Senate Majority Leader Mitch McConnell Becomes The Latest Member Of The Washington Power Structure To Get Yelled At In A Restaurant
It’s already happened to several key figures in the Trump White House, including Homeland Security Director Kirstjen Nielsen, Press Secretary Sarah Sanders, Senior Policy Adviser and anti-immigration mastermind Stephen Miller (2X: both at a Mexican and at a Japanese restaurant). And former Chief Strategist Steve Bannon, who Republicans often leave off the list when they complain about it, probably because they realize that really, who wouldn’t want to yell at Steve Bannon.
McConnell, who represents Kentucky, and his wife, Trump Cabinet member Elaine Chao, were eating at a restaurant in Louisville. The confrontation was very brief, with one person shouting “Why don’t you leave the entire country alone!” at McConnell, and then turning and explaining to a nearby table “he’s going to come for your social security”. Nothing terribly outlandish unless you consider any type of confrontation or invasion of private space to be a horrible affront.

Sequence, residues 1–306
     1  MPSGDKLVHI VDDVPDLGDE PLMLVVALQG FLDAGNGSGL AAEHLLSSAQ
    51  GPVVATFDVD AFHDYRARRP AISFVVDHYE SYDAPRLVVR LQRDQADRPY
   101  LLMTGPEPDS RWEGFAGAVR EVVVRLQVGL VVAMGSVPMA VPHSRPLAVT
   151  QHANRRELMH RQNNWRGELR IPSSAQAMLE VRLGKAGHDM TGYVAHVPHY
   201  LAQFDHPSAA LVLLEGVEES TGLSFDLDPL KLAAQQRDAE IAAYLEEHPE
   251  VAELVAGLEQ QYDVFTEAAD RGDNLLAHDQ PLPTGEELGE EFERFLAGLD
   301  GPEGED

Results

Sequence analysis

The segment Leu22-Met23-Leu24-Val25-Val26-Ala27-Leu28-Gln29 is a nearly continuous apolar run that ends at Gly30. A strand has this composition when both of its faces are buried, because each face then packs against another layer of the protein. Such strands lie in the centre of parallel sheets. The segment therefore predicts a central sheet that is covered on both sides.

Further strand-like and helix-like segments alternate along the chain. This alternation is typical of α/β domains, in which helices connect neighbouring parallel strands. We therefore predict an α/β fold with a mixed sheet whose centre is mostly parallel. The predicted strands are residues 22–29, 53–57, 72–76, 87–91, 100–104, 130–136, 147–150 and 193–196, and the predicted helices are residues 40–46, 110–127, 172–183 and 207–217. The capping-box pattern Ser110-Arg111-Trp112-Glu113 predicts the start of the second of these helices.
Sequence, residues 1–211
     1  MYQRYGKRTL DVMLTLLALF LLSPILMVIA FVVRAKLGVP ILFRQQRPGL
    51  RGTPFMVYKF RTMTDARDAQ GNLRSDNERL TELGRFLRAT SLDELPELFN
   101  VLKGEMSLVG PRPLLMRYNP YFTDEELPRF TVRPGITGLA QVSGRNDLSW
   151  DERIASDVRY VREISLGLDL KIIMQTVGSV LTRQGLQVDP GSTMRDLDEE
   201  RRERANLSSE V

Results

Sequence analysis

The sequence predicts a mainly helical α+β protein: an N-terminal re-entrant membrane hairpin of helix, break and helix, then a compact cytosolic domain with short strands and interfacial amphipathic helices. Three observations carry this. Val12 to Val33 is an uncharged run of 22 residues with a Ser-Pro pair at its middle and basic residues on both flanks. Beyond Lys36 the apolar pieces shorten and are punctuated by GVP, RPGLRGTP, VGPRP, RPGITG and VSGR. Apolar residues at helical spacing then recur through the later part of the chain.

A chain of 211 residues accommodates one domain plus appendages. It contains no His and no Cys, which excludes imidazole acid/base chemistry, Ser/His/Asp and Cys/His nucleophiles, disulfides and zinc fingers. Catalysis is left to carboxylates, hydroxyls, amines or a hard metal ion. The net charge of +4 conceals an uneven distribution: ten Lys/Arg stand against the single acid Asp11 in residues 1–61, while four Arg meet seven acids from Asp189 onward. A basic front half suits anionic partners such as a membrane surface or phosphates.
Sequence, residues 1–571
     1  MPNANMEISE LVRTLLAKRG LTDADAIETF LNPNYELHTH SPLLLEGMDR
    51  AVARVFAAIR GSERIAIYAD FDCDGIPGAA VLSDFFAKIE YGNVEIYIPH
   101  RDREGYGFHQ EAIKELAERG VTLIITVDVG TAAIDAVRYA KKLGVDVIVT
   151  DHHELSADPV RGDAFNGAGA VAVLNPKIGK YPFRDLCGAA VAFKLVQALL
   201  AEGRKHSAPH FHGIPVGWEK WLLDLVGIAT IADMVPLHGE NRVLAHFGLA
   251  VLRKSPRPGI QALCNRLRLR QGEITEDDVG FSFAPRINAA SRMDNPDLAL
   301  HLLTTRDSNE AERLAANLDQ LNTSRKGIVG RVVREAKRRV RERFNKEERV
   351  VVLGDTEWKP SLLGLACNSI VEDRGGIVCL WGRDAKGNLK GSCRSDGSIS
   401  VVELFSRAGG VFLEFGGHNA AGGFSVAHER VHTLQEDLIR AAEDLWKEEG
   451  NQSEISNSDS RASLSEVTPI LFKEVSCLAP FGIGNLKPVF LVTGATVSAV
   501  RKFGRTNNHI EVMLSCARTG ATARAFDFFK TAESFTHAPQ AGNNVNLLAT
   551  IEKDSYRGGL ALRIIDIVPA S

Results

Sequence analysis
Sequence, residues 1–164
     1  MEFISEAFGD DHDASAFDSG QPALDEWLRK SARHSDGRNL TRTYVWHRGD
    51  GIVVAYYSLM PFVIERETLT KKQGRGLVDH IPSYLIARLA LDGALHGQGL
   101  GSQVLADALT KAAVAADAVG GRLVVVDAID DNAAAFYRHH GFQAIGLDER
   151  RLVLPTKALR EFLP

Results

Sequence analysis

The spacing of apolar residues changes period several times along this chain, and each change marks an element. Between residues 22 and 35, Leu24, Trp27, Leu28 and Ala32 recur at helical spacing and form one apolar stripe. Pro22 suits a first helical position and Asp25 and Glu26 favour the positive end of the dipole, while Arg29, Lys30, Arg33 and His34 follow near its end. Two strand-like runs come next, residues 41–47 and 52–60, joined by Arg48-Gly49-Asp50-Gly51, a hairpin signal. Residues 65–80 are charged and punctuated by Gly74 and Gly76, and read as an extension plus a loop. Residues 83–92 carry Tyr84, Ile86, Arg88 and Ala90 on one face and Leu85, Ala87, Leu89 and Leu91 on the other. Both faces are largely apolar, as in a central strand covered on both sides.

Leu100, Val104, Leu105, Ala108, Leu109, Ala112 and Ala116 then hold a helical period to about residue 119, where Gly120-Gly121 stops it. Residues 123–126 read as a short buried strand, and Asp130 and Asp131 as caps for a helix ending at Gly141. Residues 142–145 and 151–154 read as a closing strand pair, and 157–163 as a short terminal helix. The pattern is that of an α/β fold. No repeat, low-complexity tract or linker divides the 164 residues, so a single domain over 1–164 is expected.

In fact the loudest voice in the video is of somebody recording it on their phone and gleefully exclaiming “I’m going to sell it to TMZ!”, which clearly they did, since the video below was in fact shared on YouTube by TMZ.
So what to make of it? We don’t think there’s anything wrong with complaining to public officials to their faces. Not a damn thing. “Civil disobedience” is central to this country’s composition, and even if it’s sometimes annoying, it’s better than not having it. Also, the people it’s happening to weren’t forced into the jobs they have. McConnell chose to run for office and had the further ambition to maneuver and win his party’s leadership. He’s a big boy.